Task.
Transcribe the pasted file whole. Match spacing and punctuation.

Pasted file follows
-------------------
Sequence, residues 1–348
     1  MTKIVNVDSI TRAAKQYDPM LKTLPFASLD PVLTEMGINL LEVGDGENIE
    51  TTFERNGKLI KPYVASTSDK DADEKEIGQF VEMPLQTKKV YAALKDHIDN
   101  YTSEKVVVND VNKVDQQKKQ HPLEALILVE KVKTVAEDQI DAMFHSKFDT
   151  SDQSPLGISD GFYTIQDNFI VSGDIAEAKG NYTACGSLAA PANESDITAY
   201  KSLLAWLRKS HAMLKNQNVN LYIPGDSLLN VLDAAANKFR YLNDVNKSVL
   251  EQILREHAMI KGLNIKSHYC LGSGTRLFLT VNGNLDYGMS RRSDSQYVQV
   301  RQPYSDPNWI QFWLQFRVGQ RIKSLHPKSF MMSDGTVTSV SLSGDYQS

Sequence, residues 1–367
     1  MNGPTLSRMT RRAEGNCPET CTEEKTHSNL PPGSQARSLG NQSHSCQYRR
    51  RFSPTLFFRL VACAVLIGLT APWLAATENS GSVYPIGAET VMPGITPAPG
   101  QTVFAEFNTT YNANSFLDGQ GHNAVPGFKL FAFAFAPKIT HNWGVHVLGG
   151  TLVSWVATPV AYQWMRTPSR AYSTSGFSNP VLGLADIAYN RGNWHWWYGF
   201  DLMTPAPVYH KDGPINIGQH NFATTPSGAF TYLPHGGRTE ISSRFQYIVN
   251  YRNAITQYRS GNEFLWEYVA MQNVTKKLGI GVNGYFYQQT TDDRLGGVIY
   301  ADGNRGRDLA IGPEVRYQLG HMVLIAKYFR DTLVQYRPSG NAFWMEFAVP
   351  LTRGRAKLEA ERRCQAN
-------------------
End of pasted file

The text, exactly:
Sequence, residues 1–348
     1  MTKIVNVDSI TRAAKQYDPM LKTLPFASLD PVLTEMGINL LEVGDGENIE
    51  TTFERNGKLI KPYVASTSDK DADEKEIGQF VEMPLQTKKV YAALKDHIDN
   101  YTSEKVVVND VNKVDQQKKQ HPLEALILVE KVKTVAEDQI DAMFHSKFDT
   151  SDQSPLGISD GFYTIQDNFI VSGDIAEAKG NYTACGSLAA PANESDITAY
   201  KSLLAWLRKS HAMLKNQNVN LYIPGDSLLN VLDAAANKFR YLNDVNKSVL
   251  EQILREHAMI KGLNIKSHYC LGSGTRLFLT VNGNLDYGMS RRSDSQYVQV
   301  RQPYSDPNWI QFWLQFRVGQ RIKSLHPKSF MMSDGTVTSV SLSGDYQS

Sequence, residues 1–367
     1  MNGPTLSRMT RRAEGNCPET CTEEKTHSNL PPGSQARSLG NQSHSCQYRR
    51  RFSPTLFFRL VACAVLIGLT APWLAATENS GSVYPIGAET VMPGITPAPG
   101  QTVFAEFNTT YNANSFLDGQ GHNAVPGFKL FAFAFAPKIT HNWGVHVLGG
   151  TLVSWVATPV AYQWMRTPSR AYSTSGFSNP VLGLADIAYN RGNWHWWYGF
   201  DLMTPAPVYH KDGPINIGQH NFATTPSGAF TYLPHGGRTE ISSRFQYIVN
   251  YRNAITQYRS GNEFLWEYVA MQNVTKKLGI GVNGYFYQQT TDDRLGGVIY
   301  ADGNRGRDLA IGPEVRYQLG HMVLIAKYFR DTLVQYRPSG NAFWMEFAVP
   351  LTRGRAKLEA ERRCQAN